Vinnie Sperrazza Credit: Anna Yatskevich

Drummer Vinnie Sperrazza has been part of the New York jazz scene for more than decade, most often working under someone else’s leadership. He’s nonetheless been exerting his own musical personality, which straddles postbop fundamentals and relatively outward-bound tendencies, in collective efforts with the likes of pianist Jacob Sacks and saxophonist Matt Blostein. Three years ago he dropped his first record as a leader, Apocryphal (Loyal Label), on which he employed bassist Eivind Opsvik to anchor the extroverted machinations of guitarist Brandon Seabrook. Today Sperrazza displays a more “inside” sensibility with the release of Juxtaposition (Posi-Tone), a reserved quartet album that occasionally generates the appealing creative tension suggested by its title.

The drummer is joined by bassist Peter Brendler (a straight-ahead player who pushes his music outward via curatorial choices, such as using trumpeter Peter Evans in his own groups), pianist Bruce Barth (one of the most respected and thoughtful mainstream figures in New York), and the wild card of the band, reedist Chris Speed (best known for his membership in adventurous combos such as Human Feel and his long-running role in Tim Berne’s Bloodcount). As you can hear below on the album opener, a blues called “Chimes,” the group flirt with a moody sound redolent of the early John Coltrane Quartet or the Miles Davis Quintet, but as the record rolls on they explore different vibes. The title track is a minimalist marvel that allows Speed and Barth—who leads his own trio tonight and tomorrow at the Green Mill—to duet with beautiful patience, conveying an affecting, somewhat bittersweet tenderness through a luxurious sense of space and the saxophonist’s bone-dry tone. Sperrazza says he pictures different scenarios when he composes—the playfulness of “House on Hoxie,” for instance, reflects memories of the home where he spent much of his childhood, and the pensive sorrow of “Solitary Consumer” evokes a single working man who descends into loneliness each night.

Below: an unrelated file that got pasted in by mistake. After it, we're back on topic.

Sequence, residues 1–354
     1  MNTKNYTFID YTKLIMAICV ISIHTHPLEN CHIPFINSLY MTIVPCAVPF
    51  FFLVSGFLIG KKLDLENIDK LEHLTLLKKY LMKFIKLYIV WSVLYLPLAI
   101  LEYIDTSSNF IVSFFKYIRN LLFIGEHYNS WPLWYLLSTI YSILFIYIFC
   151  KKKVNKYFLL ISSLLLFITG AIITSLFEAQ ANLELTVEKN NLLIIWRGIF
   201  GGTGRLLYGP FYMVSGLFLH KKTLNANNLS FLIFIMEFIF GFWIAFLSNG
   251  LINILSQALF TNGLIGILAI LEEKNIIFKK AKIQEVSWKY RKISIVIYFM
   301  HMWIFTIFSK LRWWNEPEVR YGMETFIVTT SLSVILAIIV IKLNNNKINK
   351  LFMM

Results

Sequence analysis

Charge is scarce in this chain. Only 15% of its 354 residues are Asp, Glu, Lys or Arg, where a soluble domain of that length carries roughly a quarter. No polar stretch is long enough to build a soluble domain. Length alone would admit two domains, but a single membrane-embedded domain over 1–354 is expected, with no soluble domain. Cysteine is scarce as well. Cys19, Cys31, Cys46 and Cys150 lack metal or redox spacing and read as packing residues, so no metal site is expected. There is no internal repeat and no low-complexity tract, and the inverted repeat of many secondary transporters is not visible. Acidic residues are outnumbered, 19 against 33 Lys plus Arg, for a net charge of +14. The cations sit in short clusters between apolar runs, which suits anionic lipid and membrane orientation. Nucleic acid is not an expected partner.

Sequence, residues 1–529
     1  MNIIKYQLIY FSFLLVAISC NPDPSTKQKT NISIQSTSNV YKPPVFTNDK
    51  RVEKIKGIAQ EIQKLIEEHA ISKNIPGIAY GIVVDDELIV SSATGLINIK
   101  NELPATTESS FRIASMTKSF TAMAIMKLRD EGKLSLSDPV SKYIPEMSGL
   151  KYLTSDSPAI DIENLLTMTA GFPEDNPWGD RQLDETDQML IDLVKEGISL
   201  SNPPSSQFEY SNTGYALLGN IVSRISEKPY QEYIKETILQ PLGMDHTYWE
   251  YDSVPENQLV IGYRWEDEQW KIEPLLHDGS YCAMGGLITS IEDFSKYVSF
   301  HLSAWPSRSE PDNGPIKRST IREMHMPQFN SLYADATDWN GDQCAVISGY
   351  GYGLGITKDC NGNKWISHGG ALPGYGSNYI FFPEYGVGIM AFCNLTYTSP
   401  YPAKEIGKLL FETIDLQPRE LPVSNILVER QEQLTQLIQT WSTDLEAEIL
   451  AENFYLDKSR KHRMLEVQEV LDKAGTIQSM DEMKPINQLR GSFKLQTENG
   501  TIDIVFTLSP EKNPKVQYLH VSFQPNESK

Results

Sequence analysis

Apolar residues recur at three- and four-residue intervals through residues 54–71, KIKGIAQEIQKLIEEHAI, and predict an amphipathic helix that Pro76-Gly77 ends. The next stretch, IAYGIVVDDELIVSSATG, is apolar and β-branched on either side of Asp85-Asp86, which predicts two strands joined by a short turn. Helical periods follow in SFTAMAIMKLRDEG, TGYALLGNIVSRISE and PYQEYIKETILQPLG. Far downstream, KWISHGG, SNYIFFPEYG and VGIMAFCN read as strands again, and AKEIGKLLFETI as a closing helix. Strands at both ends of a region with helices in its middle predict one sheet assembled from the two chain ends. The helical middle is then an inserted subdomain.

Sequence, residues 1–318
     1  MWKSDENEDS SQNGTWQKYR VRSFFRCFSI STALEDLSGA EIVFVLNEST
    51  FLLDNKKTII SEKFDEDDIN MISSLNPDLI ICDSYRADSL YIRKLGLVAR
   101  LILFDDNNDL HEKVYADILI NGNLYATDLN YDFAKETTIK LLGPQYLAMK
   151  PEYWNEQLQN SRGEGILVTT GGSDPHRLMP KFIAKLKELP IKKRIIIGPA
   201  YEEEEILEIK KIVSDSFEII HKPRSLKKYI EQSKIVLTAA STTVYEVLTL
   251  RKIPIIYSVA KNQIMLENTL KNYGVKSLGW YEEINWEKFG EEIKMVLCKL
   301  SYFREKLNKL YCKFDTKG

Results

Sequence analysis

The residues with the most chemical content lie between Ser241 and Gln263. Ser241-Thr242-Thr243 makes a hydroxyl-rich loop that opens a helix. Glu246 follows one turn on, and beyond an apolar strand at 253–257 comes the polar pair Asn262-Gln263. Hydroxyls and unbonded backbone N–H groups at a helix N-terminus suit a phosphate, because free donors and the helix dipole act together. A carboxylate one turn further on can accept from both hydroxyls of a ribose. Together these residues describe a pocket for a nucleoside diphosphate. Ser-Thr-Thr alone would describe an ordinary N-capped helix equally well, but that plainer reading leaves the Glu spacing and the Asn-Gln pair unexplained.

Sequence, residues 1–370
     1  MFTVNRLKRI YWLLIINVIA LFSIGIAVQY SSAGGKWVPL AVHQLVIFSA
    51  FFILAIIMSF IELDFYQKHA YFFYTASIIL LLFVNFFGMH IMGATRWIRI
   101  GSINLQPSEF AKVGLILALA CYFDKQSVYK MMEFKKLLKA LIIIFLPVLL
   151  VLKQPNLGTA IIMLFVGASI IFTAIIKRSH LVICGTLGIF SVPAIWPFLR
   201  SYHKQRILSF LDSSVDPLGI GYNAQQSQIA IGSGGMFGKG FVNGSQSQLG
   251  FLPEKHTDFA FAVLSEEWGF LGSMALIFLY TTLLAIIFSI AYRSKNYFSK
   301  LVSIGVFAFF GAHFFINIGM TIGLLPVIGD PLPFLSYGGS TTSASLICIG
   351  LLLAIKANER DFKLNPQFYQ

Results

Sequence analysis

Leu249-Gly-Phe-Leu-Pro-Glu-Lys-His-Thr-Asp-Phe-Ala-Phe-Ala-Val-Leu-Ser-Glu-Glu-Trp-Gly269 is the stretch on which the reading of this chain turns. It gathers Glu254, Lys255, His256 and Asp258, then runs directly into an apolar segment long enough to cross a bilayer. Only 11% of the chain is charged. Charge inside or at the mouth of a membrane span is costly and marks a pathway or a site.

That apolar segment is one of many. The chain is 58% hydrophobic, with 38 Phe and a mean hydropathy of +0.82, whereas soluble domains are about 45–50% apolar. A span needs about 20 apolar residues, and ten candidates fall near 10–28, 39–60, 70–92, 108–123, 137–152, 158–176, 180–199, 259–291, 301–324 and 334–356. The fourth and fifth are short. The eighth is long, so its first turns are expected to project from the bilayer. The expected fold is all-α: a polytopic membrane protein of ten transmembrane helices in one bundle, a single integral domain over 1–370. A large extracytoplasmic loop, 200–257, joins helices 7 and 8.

Sperrazza wrote most of the material on the record, but the band cover the James Williams gem “Alter Ego,” turn in a lighter-than-air rendition of the ubiquitous West Side Story ballad “Somewhere,” and utterly transform “This Night This Song,” a lesser-known ballad by the Tony Williams Lifetime (with vocals by Jack Bruce of Cream)—they reharmonize it and chill it with the same refined elegance that Barth brings to the entire album.

Today’s playlist:

Mari Kimura, Harmonic Constellations (New World)
I.P.A., I Just Did Say Something (Cuneiform)
Angharad Davies & Tisha Mukarji, Ffansïon/Fancies (Another Timbre)
Frode Haltli, Air (ECM)
Mivos Quartet, Garden of Diverging Paths (New Focus)